Sarah Skwire

 Sarah Skwire is a fellow at Liberty Fund, Inc. She is a poet and author of the writing textbook Writing with a Thesis.

Related Freeman Articles

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Happily Never After

APRIL 24, 2014 by SARAH SKWIRE

The Soviet fantasy extracted a terrible toll on its subjects, nearly costing them even the ability to create their own stories.

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His Aim Is True, Sometimes

APRIL 10, 2014 by SARAH SKWIRE

Shakespeare's play, known for its portrayal of greed, also opens questions about how we should relate to money--and leaves them open for us to ponder.

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I’ll Fly Away

MARCH 27, 2014 by SARAH SKWIRE

Country music sounds like music written by a culture that is dying for change, celebrating when it finds it, and grieving when it cannot.

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If I Had a Million Dollars

MARCH 13, 2014 by SARAH SKWIRE

Glamour and luxury can drive people to misery. Dorothy Parker shows us how they can bring pleasure, even to people who will never be wealthy.

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Evangeline Wanders

Hardly anyone reads Longfellow anymore, but maybe we should

FEBRUARY 27, 2014 by SARAH SKWIRE

When lives and property are held at "his Majesty's pleasure," the blacksmith is always right. Injustice prevails, backed up by might. And Evangeline will always wander, looking for a home.

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Economics with Romance

FEBRUARY 13, 2014 by SARAH SKWIRE

Romance novels can show the positive literary representations of work, innovation, entrepreneurship, and the bourgeois virtues thought to be scarce.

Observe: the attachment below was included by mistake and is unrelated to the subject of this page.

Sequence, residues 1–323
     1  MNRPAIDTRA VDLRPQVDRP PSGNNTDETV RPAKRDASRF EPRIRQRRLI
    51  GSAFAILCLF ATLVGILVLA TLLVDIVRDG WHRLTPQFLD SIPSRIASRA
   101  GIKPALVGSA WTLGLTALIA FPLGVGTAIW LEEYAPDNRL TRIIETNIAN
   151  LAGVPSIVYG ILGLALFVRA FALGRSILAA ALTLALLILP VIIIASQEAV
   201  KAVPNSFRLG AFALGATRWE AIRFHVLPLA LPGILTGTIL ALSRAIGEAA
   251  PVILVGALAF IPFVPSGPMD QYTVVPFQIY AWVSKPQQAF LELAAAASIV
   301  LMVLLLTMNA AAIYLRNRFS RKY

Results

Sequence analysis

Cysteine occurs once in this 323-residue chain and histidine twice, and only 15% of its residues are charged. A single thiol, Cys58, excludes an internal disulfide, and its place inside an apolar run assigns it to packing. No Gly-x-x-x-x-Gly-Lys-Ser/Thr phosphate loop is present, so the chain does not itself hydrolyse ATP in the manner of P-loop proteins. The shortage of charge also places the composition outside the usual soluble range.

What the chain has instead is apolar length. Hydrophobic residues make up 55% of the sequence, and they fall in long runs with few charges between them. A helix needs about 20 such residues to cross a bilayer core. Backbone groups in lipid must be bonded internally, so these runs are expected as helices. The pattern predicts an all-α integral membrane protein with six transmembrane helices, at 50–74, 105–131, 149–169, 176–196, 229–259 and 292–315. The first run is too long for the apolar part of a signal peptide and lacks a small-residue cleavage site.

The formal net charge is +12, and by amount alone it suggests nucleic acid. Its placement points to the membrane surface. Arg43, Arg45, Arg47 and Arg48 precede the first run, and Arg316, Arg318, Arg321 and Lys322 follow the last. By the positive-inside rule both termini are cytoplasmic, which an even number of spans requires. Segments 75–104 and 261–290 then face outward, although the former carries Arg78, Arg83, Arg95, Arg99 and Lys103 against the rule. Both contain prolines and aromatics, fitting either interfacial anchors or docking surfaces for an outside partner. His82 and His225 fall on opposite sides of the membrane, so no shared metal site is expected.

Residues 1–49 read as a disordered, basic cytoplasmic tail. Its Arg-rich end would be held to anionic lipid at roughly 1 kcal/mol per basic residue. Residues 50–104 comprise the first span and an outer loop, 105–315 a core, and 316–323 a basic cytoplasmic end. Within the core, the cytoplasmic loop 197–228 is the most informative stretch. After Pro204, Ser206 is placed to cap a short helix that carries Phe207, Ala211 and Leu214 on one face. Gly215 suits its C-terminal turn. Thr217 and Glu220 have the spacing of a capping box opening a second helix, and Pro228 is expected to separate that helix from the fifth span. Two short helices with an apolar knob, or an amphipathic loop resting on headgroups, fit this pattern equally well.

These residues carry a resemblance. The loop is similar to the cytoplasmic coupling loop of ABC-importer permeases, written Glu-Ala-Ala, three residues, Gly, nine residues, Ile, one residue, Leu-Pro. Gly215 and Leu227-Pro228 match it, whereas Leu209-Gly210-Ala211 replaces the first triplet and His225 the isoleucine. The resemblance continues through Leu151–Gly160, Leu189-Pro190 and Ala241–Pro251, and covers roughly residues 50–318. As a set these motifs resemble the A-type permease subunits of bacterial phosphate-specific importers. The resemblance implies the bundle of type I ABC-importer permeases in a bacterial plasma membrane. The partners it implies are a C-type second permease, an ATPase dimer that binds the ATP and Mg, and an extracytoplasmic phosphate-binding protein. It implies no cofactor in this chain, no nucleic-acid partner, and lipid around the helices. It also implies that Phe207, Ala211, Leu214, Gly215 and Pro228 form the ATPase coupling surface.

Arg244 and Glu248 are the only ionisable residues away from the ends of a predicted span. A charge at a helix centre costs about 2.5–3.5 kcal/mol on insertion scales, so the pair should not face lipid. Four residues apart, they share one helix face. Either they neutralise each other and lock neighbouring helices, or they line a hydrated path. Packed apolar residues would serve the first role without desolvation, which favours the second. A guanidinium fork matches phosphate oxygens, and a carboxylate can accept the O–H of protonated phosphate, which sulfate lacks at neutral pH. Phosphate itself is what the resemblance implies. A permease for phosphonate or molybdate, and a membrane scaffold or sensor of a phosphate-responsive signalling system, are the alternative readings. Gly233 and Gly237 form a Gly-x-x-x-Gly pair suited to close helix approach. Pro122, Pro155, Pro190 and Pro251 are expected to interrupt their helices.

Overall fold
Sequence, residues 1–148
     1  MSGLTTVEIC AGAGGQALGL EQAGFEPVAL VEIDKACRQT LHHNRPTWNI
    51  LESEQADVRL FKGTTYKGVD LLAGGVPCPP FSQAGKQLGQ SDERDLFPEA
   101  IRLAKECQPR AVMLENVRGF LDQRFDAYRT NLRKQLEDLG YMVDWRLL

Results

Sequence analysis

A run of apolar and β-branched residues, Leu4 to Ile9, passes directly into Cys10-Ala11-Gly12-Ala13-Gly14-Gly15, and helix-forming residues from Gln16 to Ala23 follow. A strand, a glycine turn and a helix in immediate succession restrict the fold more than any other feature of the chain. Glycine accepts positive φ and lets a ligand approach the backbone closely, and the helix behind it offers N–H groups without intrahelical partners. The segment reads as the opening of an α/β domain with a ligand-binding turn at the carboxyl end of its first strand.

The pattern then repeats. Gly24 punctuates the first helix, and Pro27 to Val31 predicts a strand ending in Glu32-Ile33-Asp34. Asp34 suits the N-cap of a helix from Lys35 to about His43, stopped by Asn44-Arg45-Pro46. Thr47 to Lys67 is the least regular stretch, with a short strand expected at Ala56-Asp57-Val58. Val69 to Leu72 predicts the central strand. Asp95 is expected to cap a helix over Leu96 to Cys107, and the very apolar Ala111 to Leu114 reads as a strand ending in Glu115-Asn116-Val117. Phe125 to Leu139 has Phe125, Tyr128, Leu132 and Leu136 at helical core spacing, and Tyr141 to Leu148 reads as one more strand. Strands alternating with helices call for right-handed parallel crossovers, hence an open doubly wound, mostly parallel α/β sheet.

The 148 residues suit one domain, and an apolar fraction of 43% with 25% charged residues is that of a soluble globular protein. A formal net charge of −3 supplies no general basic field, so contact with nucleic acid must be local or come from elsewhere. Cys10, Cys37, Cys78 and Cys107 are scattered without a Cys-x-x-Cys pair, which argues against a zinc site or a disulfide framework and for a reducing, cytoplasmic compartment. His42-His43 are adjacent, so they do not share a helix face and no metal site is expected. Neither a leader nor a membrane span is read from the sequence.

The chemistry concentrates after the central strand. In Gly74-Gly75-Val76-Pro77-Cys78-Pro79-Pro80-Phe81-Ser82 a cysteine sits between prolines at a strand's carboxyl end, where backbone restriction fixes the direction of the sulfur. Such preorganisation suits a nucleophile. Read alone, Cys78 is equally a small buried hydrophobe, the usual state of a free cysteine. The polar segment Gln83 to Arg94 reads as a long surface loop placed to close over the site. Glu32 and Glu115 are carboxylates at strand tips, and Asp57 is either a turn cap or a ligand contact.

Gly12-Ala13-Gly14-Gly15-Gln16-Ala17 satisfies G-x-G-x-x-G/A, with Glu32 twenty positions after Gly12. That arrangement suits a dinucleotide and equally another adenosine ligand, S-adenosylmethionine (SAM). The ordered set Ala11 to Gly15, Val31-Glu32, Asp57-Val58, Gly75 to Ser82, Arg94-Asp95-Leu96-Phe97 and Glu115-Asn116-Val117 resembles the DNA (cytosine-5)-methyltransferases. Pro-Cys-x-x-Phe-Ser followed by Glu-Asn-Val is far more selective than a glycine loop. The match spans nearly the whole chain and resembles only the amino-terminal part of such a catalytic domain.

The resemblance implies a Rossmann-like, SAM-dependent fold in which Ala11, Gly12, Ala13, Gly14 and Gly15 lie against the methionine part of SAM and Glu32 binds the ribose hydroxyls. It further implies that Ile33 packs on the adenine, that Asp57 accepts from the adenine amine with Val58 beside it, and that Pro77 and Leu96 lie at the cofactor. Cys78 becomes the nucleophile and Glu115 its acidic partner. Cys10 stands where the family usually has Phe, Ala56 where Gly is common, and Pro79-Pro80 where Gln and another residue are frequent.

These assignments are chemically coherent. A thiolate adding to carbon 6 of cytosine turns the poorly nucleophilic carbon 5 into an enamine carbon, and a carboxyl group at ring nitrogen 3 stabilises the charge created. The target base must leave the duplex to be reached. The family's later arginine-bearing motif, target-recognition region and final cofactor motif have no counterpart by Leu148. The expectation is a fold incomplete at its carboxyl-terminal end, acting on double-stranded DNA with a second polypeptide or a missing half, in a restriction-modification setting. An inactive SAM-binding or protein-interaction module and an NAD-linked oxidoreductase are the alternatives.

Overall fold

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Doubleplus Unromantic

FEBRUARY 04, 2014 by SARAH SKWIRE

Maybe 1984 isn't primarily a love story, but that's because an overweening State has destroyed the possibility of spontaneous human connection.

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Check Your Context

JANUARY 30, 2014 by SARAH SKWIRE

What it means to be privileged--and who holds the privilege--changes with the context.

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Incentives to Love

JANUARY 16, 2014 by SARAH SKWIRE

Love is mysterious. But the economic way of thinking can cut through some of love's illusions and help us sort out real incentives and costs.

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Not the Best

DECEMBER 12, 2013 by SARAH SKWIRE

Rona Jaffe could have told a compelling story about the working lives of women in the 1950s. Instead, she talks about everything else they do.

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CURRENT ISSUE

April 2014

Around the world, people are struggling to throw off authoritarianism, with deeply mixed results. From Egypt to Venezuela, determined people build networks to overthrow their regimes, but as yet we have not learned to live without Leviathan. In this issue, Michael Malice and Gary Dudney discuss their glimpses inside totalitarian regimes, while Sarah Skwire and Michael Nolan look at how totalitarian regimes grind down the individual--and how individuals fight back. Plus, Jeffrey Tucker identifies a strain in libertarianism that, left unchecked, could reduce even our vibrant movement to something that is analogous to the grim aesthetic of architectural brutalism. The struggle for our lives and freedom is a struggle for beauty; it begins inside each of us.
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